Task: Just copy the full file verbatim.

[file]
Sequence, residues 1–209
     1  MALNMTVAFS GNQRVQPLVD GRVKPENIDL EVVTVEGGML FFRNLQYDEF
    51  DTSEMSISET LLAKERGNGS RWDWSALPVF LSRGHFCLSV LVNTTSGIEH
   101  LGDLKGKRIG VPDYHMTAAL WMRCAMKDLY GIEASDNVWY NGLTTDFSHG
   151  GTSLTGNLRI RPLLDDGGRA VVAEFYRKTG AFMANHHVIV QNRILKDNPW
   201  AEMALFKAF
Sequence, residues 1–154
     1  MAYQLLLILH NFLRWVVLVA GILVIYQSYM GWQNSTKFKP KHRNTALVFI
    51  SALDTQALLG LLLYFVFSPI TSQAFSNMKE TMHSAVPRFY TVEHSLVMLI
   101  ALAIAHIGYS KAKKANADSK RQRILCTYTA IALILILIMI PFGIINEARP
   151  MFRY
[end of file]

Sequence, residues 1–209
     1  MALNMTVAFS GNQRVQPLVD GRVKPENIDL EVVTVEGGML FFRNLQYDEF
    51  DTSEMSISET LLAKERGNGS RWDWSALPVF LSRGHFCLSV LVNTTSGIEH
   101  LGDLKGKRIG VPDYHMTAAL WMRCAMKDLY GIEASDNVWY NGLTTDFSHG
   151  GTSLTGNLRI RPLLDDGGRA VVAEFYRKTG AFMANHHVIV QNRILKDNPW
   201  AEMALFKAF
Sequence, residues 1–154
     1  MAYQLLLILH NFLRWVVLVA GILVIYQSYM GWQNSTKFKP KHRNTALVFI
    51  SALDTQALLG LLLYFVFSPI TSQAFSNMKE TMHSAVPRFY TVEHSLVMLI
   101  ALAIAHIGYS KAKKANADSK RQRILCTYTA IALILILIMI PFGIINEARP
   151  MFRY